On May 23, 1915, Italy declares war on Austria-Hungary, entering World War I on the side of the Allies—Britain, France and Russia.
When World War I broke out in the summer of 1914, Italy declared itself neutral in the conflict, despite its membership in the so-called Triple Alliance alongside Germany and Austria-Hungary since 1882. Over the course of the months that followed, Italy and its leaders weighed their options; wooed by both sides, they carefully considered how to gain the greatest benefit from participation in the war. The decision to join the fray on the side of the Allies was based largely on the assurances Italy received in the Treaty of London, signed in April 1915. By its terms, Italy would receive the fulfillment of its national dream: control over territory on its border with Austria-Hungary stretching from Trentino through the South Tyrol to Trieste. In addition, the Allies promised the Italians parts of Dalmatia and numerous islands along Austria-Hungary’s Adriatic coast; the Albanian port city of Vlore (Italian: Valona) and a central protectorate in Albania; and territory from the Ottoman Empire.
On May 23, 1915, Italy declared war on Austria-Hungary. The Italian declaration opened up a new front in World War I, stretching 600 kilometers—most of them mountainous—along Italy’s border with Austria-Hungary. Italy—which had become a unified nation only as recently as 1859—was, like Russia, not yet a fully industrialized power. It was certainly not prepared for large-scale warfare, and although it managed to mobilize 1.2 million men in the spring of 1915, it possessed equipment for just 732,000. Upon declaring war, the Italian army immediately advanced into the South Tyrol region and to the Isonzo River, where Austro-Hungarian troops met them with a stiff defense. The snowy and treacherous terrain made the region poorly suited to offensive operations, and after several quick Italian successes, combat settled into a stalemate.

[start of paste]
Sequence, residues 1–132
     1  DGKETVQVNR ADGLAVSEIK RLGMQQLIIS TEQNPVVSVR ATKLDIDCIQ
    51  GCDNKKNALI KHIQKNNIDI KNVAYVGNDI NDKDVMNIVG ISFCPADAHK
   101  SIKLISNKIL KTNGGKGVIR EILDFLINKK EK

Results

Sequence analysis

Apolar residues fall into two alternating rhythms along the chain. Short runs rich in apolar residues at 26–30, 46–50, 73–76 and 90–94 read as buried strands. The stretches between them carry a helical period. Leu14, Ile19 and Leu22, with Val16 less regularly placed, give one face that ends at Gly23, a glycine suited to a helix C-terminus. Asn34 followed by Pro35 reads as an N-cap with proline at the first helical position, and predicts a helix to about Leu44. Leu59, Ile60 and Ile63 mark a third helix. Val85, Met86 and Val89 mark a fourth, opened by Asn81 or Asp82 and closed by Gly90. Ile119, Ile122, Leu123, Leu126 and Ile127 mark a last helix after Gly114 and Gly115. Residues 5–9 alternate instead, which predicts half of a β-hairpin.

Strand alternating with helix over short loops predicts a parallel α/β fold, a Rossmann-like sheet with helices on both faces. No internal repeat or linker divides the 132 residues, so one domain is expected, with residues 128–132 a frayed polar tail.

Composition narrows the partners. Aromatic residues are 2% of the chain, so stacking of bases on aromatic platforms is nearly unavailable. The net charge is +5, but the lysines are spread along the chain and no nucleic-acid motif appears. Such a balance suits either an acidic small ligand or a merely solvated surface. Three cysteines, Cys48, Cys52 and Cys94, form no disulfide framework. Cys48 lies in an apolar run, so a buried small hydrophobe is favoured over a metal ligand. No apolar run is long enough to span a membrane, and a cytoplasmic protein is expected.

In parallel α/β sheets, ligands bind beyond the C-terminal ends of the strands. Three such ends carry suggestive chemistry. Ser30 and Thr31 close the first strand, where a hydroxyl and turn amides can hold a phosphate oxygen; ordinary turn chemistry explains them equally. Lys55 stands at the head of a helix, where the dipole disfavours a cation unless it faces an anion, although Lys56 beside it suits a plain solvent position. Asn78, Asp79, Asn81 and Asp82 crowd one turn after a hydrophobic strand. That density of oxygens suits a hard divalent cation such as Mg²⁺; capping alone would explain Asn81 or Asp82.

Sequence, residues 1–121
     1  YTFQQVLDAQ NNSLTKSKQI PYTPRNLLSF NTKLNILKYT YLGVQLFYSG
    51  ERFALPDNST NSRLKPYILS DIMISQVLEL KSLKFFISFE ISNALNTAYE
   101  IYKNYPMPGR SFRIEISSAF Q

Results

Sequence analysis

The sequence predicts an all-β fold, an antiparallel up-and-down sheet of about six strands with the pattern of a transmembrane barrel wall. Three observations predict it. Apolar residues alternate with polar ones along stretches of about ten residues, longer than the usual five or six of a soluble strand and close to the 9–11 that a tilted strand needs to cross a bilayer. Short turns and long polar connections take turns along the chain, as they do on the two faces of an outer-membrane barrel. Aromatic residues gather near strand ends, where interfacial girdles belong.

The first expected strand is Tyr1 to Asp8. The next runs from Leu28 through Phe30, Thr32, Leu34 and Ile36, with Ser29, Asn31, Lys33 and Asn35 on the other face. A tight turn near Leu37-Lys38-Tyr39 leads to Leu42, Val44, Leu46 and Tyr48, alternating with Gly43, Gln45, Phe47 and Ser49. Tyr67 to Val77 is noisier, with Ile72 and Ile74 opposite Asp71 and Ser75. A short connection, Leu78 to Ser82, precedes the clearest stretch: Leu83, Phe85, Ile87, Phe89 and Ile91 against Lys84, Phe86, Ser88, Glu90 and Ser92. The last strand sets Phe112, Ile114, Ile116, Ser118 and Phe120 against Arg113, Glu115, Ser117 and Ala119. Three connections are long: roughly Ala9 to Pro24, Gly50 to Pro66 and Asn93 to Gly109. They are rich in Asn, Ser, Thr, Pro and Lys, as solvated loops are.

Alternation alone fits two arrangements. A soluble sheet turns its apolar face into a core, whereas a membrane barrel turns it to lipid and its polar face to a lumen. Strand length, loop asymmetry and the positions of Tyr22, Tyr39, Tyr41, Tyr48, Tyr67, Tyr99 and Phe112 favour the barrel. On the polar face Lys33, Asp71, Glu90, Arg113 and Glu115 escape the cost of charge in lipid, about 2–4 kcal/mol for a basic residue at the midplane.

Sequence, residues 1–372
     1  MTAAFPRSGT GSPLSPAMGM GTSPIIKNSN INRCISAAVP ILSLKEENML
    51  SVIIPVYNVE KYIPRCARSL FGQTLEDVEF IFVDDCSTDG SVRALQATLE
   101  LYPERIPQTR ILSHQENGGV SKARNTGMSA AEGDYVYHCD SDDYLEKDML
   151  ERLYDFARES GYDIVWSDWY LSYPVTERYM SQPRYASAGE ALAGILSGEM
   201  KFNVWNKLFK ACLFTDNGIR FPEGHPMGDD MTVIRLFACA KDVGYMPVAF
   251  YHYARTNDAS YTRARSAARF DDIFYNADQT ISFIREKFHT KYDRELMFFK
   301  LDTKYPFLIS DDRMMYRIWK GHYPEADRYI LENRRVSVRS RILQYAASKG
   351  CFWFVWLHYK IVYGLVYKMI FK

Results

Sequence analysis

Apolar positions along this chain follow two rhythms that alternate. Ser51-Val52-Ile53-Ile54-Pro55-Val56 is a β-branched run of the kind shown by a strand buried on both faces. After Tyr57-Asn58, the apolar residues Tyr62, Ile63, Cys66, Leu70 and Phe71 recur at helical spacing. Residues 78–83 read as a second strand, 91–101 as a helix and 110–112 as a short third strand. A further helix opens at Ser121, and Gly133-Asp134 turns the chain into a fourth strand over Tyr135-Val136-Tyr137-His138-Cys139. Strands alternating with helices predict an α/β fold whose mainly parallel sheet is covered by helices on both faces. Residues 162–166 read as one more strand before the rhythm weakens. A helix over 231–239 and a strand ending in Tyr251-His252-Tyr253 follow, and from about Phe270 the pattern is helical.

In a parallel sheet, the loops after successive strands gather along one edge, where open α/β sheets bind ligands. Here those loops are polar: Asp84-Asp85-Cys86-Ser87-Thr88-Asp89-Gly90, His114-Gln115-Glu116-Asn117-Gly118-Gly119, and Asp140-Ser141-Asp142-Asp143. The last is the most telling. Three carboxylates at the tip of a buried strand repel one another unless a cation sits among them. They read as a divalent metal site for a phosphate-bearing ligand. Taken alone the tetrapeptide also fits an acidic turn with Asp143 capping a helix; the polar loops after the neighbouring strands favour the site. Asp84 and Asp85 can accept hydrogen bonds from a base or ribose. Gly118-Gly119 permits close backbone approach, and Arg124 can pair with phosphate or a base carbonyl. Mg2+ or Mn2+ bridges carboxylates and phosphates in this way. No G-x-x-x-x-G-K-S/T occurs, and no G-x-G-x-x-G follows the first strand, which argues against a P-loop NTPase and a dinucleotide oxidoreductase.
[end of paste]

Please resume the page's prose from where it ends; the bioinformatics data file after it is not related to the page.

By late 1917, the Austrians and Italians had fought no fewer than 11 battles along the Isonzo River, with negligible progress and heavy losses on both sides. In late October 1917, German intervention to help Austria-Hungary resulted in a spectacular victory over the Italians in the Battle of Caporetto (also known as the Twelfth Battle of the Isonzo), during which Italian forces suffered some 300,000 casualties (90 percent of which were prisoners) and were forced to retreat. The defeat sparked a crisis in Italy, prompting the dismissal of the army’s chief of staff, Luigi Cadorna, his replacement with Armando Diaz, and the formation of a coalition government under Prime Minister Vittorio Orlando. After Caporetto, Italy’s allies jumped in to offer increased assistance, as British and French—and later American—troops soon arrived in the region, and the Allies began to take back the initiative.
By the time fighting ended on the Italian front on November 4, 1918—a week before the general armistice—615,000 Italians had been killed in action or died of wounds sustained in World War I. In the ensuing peace negotiations in Paris, the Italian government struggled against great opposition from the other Allied leaders to see that they were given all they had been promised in the Treaty of London. At one point in the negotiations, the entire Italian delegation walked out of the peace conference, returning only days later. Though Italy would eventually receive control of the Tyrol and a permanent seat on the newly formed international peace-keeping organization, the League of Nations, many within the country were dissatisfied with their lot and continued to nurse resentments of the other Allied powers—resentments that would later drive the success of Benito Mussolini and his fascist movement.